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Siblings awarded $1.7 billion from Ford after car crash killed their parents

Siblings awarded $1.7 billion from Ford after car crash killed their parents

Melvin and Voncile Hill died after their 2002 Ford F-250 blew a tyre and rolled over

Two siblings have been awarded $1.7 billion (£1.4bn) in punitive damages from Ford after their parents were killed in a car crash. 

Melvin and Voncile Hill were on their way to pick up a new tractor for their farm in April 2014 when their 2002 Ford F-250 blew a tyre and rolled over. 

The couple, aged 74 and 62 respectively, later died from their injuries, having been crushed under the roof. 

Their children, Adam and Kim, went on to sue both Ford and auto shop Pep Boys - which fitted the vehicles tyres four years before the crash – arguing in the wrongful death case that dangerously defective roofs on the the automobile manufacturer’s pickup trucks had been responsible for the tragic death. 

Melvin and Voncile Hill on their wedding day.
Butler Prather LLP

Last Friday (19 August), a jury in Gwinnett County, Georgia, ruled that Melvin and Voncile should have survived the crash if the roof had been properly designed, imposing $1.7bn in punitive damages against Ford. 

The day before, the jury had also awarded the Hill family $24 million in compensatory damages from Ford and Pep Boys, according to a press release from lawyers Butler Prather LLP. 

The firm said 30 percent ($7.2m) of the blame for the incident was allocated to Pep Boys, which had ‘mistakenly installed the wrong size, or 'load range' tires on the Hills' truck in 2010’. 

Their 2002 Ford F-250 blew a tyre and rolled over.
Butler Prather LLP

"That mistake caused the right front tire to blow out, causing the wreck," the press release explained. 

However, evidence 'showed the wreck was survivable, and the crushing of the roof caused the injuries that led to the deaths of Mr. and Mrs. Hill’.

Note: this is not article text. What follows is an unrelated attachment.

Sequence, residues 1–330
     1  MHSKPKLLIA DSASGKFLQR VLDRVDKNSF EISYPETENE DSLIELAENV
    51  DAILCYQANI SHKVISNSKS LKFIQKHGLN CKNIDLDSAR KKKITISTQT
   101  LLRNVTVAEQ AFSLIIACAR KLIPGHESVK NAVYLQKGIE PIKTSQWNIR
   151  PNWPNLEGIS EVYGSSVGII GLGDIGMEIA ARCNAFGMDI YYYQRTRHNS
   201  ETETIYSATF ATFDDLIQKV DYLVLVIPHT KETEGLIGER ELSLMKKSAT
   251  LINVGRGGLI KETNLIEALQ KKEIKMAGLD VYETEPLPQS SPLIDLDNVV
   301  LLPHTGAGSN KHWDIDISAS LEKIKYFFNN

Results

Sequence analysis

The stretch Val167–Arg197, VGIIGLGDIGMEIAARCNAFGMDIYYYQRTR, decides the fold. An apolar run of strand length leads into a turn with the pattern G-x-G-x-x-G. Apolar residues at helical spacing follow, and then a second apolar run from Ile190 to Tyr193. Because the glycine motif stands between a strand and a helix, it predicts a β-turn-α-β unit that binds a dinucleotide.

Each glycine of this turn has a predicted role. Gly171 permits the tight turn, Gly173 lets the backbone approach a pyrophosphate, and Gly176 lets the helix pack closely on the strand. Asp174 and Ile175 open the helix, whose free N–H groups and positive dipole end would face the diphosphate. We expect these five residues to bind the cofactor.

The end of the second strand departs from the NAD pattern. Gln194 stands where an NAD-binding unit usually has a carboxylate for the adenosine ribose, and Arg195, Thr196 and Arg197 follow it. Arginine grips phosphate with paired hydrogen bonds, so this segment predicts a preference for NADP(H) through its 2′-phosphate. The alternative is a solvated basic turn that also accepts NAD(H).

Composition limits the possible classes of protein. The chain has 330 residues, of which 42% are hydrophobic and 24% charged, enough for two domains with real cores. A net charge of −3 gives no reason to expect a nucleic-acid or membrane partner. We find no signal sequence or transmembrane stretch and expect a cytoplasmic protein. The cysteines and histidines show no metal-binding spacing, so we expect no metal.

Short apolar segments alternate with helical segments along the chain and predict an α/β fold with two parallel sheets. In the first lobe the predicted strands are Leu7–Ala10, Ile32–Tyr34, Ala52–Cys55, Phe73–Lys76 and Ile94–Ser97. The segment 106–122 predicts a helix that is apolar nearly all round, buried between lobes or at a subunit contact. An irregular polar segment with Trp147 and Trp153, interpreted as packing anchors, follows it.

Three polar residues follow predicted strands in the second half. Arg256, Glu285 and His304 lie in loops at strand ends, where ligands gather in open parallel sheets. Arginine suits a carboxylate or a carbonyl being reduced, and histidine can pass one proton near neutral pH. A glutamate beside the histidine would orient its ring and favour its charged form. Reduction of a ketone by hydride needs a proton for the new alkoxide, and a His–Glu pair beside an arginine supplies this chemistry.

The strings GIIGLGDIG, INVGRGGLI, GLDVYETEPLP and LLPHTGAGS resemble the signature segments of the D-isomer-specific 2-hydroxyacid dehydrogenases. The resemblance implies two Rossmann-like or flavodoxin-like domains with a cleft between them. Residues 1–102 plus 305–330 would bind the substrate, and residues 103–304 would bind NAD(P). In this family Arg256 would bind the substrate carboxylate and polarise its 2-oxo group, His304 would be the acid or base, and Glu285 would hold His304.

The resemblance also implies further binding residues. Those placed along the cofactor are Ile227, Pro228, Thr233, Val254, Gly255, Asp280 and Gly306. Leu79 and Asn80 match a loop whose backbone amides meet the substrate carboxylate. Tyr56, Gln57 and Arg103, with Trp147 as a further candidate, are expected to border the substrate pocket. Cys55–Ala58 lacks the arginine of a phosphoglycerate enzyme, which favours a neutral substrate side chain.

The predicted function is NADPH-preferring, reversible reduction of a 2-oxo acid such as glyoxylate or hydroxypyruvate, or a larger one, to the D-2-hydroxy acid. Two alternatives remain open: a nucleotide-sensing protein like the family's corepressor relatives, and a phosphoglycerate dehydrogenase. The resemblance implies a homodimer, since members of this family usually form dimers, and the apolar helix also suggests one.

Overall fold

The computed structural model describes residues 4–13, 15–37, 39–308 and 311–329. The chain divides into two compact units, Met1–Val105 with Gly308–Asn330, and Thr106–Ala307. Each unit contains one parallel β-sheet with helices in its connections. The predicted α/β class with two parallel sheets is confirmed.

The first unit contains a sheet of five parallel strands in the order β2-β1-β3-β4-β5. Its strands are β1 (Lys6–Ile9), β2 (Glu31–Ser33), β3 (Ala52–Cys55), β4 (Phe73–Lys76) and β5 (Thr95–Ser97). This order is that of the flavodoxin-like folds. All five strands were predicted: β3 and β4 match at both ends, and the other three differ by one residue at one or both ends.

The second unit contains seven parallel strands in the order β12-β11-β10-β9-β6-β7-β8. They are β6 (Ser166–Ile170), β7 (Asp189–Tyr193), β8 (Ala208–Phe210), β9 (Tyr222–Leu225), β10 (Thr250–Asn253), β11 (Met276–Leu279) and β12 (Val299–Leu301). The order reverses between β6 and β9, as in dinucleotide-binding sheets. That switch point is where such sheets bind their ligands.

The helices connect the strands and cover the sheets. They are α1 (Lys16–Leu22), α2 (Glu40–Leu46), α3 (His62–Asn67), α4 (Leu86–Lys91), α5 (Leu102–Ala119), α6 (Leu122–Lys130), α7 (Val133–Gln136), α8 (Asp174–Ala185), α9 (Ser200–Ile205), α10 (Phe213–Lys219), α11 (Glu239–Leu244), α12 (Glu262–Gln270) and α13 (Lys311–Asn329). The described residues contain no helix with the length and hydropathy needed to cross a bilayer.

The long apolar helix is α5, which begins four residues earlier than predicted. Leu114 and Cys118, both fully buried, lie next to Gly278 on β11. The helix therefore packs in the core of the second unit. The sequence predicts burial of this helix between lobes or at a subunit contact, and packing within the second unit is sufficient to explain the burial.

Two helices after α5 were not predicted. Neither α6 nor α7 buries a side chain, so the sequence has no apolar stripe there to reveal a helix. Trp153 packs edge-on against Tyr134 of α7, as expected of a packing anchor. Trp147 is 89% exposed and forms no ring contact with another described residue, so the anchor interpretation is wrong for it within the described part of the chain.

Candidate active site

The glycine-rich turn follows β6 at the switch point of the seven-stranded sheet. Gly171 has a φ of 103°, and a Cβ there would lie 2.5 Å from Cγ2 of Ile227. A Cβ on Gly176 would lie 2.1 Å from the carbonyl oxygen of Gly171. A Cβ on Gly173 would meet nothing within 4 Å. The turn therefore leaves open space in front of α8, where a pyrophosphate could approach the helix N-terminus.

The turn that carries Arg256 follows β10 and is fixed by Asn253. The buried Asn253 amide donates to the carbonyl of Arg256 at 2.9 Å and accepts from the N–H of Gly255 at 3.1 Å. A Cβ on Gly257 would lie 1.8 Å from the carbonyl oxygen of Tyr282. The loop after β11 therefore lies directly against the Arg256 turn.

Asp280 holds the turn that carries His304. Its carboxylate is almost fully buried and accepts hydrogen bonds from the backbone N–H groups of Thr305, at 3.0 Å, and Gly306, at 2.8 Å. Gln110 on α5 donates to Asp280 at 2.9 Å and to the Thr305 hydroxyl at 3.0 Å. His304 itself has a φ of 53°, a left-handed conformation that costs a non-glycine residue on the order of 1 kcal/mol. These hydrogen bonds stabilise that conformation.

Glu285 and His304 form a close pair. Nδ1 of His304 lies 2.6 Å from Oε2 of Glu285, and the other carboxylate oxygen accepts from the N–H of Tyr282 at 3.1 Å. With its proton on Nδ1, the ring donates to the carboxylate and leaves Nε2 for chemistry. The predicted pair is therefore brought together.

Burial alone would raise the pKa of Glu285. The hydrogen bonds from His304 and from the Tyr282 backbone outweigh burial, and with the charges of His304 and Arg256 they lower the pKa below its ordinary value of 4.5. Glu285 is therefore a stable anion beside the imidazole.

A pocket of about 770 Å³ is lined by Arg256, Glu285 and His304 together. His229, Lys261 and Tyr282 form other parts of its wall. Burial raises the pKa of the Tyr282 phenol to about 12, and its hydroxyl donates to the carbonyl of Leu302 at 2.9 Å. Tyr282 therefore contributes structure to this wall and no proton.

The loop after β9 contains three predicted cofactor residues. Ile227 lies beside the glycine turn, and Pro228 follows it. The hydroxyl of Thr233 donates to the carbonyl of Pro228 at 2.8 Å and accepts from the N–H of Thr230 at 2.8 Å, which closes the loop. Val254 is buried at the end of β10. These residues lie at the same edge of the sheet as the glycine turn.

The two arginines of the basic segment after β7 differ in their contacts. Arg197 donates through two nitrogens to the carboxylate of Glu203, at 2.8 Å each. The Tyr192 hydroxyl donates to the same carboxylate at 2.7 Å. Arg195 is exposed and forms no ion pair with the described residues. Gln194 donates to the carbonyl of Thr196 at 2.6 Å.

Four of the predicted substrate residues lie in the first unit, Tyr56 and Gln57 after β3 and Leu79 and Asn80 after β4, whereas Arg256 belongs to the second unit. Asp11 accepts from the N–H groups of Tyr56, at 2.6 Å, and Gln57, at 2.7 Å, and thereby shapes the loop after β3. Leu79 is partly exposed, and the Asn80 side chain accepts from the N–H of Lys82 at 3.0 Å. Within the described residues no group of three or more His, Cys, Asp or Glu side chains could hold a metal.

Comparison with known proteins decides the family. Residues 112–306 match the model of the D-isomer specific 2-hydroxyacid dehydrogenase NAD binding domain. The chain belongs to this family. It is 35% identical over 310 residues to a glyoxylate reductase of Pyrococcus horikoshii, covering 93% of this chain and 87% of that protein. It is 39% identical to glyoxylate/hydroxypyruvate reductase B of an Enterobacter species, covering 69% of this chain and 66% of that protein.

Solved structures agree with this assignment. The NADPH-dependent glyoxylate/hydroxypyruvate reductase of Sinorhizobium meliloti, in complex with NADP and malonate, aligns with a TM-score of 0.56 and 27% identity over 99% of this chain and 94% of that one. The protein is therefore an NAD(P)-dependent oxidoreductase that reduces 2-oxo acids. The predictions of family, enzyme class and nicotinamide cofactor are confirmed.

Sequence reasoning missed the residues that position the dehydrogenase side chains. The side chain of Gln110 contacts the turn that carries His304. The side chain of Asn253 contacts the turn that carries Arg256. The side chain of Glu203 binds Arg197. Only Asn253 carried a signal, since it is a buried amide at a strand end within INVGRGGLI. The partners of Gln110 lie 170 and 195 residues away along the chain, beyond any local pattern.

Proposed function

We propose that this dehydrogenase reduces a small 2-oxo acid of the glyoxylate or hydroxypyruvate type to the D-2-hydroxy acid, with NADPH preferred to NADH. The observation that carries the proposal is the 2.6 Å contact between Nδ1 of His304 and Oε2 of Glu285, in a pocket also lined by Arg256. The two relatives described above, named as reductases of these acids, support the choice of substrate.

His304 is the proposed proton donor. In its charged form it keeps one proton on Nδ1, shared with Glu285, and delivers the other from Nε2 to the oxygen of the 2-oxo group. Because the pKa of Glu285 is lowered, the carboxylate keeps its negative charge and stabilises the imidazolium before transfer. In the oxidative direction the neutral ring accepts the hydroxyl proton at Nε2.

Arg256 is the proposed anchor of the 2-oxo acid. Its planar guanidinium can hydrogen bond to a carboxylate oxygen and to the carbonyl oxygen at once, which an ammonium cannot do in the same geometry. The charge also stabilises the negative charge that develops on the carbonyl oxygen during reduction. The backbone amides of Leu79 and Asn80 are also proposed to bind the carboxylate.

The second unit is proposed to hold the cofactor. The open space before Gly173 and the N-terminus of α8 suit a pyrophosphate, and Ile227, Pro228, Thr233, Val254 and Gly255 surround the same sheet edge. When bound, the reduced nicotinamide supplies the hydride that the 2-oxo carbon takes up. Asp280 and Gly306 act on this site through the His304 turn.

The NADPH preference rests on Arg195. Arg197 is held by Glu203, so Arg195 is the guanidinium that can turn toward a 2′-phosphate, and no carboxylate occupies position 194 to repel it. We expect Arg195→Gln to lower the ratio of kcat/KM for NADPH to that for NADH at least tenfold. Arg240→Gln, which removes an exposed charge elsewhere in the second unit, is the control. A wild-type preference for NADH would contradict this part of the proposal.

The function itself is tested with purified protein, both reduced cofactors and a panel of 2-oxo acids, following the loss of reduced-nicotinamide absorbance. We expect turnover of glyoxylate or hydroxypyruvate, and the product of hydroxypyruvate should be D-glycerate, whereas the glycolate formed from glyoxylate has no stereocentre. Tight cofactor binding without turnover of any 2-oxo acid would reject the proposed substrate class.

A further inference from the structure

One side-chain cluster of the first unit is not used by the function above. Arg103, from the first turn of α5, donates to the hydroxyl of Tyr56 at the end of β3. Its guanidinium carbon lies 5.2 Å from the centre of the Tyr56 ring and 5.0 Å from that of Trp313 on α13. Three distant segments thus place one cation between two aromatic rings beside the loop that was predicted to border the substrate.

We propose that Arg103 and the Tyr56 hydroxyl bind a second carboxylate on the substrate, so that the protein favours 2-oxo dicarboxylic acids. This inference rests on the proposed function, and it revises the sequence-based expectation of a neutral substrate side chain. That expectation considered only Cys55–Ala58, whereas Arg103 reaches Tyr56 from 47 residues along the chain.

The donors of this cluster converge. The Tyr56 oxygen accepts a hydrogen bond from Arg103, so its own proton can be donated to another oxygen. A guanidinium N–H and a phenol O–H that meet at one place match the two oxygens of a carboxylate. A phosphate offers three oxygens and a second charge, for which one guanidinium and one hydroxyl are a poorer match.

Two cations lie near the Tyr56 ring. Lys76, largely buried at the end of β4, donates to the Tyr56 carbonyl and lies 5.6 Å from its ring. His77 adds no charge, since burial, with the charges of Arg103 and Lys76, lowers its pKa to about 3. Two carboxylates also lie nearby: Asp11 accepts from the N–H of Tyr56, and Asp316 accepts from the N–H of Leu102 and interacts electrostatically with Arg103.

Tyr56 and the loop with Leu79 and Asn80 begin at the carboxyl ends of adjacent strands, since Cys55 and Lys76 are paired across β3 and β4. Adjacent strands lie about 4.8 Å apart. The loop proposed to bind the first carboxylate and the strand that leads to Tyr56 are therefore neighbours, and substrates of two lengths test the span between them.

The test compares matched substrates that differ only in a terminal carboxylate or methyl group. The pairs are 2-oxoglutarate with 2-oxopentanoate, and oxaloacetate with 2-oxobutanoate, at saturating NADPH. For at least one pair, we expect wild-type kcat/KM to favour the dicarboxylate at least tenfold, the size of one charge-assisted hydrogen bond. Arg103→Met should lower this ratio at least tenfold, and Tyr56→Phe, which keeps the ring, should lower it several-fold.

Butler Prather LLP submitted evidence of almost 80 similar rollover car crashes, which had involved crushed truck roofs injuring or killing motorists. 

“An award of punitive damages to hopefully warn people riding around in the millions of those trucks Ford sold was the reason the Hill family insisted on a verdict,” the law firm said. 

The couple sadly died from their injuries.
Butler Prather LLP

Butler's co-counsel added: “More deaths and severe injuries are certain because millions of these trucks are on the road."

Under Georgia law, the state is handed 75 percent of the $1.7bn amount, which leaves $425m for the Hill family to claim – taking the total figure that the family stands to gain from Ford to $450m. 

Ford, which is worth $60 billion, has since said it will appeal the decision. 

The company said in a statement on Sunday: “While our sympathies go out to the Hill family, we do not believe the verdict is supported by the evidence, and we plan to appeal." 

If you have experienced a bereavement and would like to speak with someone in confidence, contact Cruse Bereavement Care via their national helpline on 0808 808 1677 

Featured Image Credit: Butler Prather LLP

Topics: US News, Cars